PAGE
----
Why is he/she a favorite: As an avid lover of Folk influence in music, he is a composer up my ally. Plus, in theory classes, I sincerely enjoyed analyzing his music. It was fun to see how much thought was put into his music and it still sounds musical to me. Unlike many other pieces that I have studied, his have always been like putting a rewarding  jigsaw puzzle together. After doing the academic work to find the visual pattern on the page, the resulting sound “picture” was not torture to the ear, even with the amount of sophistication in the pieces studied. Also as a teacher, he knew how to write music that was geared towards teaching students that was also not corny (like many tunes in student level books) to listen to when playing through it. On top of that, his last name is just plain cool;cool enough for the white bat in Anastasia to share the same name.

Help to get your Creative Juices Flowing Again (composition edition)

Anyone who has done  a large amount of composing knows that  from time to time,  a creative rut can occur. But have hope. These mental blocks can’t last forever and there is help out there. Here is  a list of ideas to help with getting rid of writers block that I’ve learned over the years from others as well as from personal experience.

1) Pick an instrument and give yourself a time limit to compose (I usually do 45 minutes to an hour). After the time is up, do not touch the piece for the rest of the day. Repeat several days in a row with a new piece each time.

The best thing about this exercise is that, though whatever comes out of the session may not be a masterpiece, it gets you in the habit of writing every day and may even help you develop a more efficient way of writing down ideas and coming up with them quicker. Also you can always take fragments of these bits later and use them in a larger work. Many thanks goes to fellow composer Dan Brandt for showing me this exercise.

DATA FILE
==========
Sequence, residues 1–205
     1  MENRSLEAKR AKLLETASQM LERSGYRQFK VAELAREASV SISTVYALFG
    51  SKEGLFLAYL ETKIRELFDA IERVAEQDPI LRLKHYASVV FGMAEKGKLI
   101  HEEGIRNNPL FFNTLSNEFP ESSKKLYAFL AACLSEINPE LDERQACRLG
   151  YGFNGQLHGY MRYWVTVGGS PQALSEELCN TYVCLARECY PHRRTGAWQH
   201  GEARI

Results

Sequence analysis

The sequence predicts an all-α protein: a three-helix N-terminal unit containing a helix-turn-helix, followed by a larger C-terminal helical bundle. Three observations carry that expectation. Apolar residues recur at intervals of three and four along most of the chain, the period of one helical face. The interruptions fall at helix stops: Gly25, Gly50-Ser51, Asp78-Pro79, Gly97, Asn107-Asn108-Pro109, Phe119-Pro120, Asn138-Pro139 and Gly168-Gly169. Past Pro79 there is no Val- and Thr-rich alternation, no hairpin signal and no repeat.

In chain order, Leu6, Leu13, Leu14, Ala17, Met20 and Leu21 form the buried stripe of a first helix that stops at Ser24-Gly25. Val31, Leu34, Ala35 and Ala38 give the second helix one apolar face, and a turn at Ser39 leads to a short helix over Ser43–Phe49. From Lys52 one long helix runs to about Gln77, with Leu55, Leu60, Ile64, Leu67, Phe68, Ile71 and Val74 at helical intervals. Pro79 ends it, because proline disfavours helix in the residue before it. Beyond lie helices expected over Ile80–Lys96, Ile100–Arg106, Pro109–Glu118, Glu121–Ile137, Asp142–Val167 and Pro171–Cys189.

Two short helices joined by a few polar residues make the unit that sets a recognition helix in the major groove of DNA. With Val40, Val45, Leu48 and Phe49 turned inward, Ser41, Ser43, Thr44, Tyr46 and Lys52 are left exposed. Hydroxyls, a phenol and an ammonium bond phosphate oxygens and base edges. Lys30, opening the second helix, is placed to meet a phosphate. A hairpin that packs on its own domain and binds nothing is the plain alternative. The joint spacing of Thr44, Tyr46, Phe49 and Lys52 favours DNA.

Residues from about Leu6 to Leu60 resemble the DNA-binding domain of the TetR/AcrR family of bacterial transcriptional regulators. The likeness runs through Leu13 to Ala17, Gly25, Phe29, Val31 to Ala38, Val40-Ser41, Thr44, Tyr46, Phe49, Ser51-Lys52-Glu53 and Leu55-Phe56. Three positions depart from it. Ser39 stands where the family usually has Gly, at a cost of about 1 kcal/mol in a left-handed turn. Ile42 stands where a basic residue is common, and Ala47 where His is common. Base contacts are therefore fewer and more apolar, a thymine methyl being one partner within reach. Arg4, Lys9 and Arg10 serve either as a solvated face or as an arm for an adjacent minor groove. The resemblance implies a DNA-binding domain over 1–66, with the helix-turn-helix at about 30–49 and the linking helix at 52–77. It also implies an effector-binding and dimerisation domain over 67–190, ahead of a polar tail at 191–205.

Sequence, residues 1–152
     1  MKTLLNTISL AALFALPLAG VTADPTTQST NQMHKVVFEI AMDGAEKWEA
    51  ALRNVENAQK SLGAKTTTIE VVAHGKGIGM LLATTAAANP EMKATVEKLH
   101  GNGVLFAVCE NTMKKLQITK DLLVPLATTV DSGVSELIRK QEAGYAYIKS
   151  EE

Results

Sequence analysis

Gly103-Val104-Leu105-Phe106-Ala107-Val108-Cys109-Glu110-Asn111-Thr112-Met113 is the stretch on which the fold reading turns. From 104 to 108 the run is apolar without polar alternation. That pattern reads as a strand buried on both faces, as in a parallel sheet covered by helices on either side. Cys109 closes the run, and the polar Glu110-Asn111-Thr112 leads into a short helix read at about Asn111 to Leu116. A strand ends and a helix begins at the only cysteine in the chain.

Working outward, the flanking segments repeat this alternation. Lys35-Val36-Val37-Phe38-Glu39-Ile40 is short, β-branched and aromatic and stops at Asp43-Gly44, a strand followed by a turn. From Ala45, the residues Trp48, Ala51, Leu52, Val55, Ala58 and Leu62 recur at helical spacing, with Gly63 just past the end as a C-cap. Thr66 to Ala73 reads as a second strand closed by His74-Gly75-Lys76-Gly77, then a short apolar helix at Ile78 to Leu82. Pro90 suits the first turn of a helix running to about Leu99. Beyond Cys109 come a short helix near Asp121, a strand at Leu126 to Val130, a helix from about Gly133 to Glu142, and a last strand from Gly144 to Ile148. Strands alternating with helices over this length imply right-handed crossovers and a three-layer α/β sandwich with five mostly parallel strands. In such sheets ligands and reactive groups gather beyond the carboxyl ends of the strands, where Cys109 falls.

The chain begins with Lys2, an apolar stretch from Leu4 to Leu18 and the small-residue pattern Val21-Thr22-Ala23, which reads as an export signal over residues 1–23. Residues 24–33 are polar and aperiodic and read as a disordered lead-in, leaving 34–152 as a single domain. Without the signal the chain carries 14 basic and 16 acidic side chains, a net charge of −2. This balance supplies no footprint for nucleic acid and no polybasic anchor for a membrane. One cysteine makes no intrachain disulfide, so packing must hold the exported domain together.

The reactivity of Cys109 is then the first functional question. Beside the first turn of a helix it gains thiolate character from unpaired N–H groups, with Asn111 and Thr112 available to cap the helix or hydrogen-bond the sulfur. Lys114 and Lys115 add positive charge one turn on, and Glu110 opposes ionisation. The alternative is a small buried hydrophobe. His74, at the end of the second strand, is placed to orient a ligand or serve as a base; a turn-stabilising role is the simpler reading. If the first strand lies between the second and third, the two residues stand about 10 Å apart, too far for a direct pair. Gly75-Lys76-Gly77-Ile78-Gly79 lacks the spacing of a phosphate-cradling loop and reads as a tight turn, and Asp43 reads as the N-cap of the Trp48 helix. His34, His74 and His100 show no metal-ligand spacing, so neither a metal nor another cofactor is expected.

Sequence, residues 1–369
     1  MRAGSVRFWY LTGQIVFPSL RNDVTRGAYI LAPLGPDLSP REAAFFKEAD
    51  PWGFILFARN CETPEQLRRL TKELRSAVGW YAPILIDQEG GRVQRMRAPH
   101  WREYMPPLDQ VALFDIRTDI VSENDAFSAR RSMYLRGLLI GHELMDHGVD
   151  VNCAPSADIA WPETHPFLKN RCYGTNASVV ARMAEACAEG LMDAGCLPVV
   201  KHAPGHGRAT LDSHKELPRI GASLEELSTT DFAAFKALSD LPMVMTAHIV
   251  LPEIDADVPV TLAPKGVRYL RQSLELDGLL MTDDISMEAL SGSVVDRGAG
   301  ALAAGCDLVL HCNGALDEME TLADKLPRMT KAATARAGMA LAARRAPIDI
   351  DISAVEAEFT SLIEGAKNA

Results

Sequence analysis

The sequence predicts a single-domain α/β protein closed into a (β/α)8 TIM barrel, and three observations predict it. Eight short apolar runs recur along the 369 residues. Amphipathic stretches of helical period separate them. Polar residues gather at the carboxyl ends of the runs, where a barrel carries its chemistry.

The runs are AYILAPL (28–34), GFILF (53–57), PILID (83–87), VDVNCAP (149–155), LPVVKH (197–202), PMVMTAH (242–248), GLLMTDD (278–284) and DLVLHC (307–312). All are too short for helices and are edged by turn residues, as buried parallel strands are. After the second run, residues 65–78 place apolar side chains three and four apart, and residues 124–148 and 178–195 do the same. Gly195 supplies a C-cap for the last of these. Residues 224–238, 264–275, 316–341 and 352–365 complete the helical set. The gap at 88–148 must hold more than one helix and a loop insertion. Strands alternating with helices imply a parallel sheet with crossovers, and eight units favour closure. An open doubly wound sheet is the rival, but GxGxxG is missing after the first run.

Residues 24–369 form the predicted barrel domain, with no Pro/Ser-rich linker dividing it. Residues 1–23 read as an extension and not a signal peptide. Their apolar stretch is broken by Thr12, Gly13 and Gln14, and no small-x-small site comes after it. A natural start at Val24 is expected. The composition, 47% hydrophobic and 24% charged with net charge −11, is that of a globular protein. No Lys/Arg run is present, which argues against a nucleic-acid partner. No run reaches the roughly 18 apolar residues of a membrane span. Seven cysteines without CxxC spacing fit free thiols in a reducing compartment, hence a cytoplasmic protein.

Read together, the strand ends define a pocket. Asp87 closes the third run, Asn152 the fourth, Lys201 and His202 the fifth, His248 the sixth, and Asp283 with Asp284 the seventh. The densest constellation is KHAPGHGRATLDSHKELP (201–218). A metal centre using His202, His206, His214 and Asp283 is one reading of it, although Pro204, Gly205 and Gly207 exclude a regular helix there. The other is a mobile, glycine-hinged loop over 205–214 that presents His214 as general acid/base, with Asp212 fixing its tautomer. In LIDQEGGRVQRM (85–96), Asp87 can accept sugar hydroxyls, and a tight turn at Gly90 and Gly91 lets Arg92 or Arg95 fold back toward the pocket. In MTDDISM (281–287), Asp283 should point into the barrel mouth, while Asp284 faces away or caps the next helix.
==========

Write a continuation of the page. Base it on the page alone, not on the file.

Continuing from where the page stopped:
2) Read a book and envision a movie score.

This works best with Fiction Novels. As an example, Of Wizards and Dragons is inspired by events of the first book in The Enchanted Forest Chronicles.

3) Get a list of random subjects and pick them out of a hat.

Whatever you pick is the subject for your next work. (similarly, you can do this by putting instruments into a hat and repeating the same process) Here is a list to help you get started.

4)Step away from the Music and give your mind a break.
Sometimes doing something non-musical like taking a walk or attending a scientific lecture  can inspire in unexpected ways. When I studied with Dr. Gwen Rollin, she recounted how her former  composition teacher, Iannis Xenakis, once required his students to drive a long way to a lecture about celestial bodies. His justification : inspiration for a piece can come from any source and educating the mind is always beneficial.

5)Ask a musician friend for an assignment

…or what it is they want to hear for their instrument and write it for them. Bonus: There is a greater chance that your piece will be performed.

6)Pick 3 instruments/ styles that you have not written for yet and write a trio.

You can also apply this exercise to time signatures and voices you have not used yet in a piece.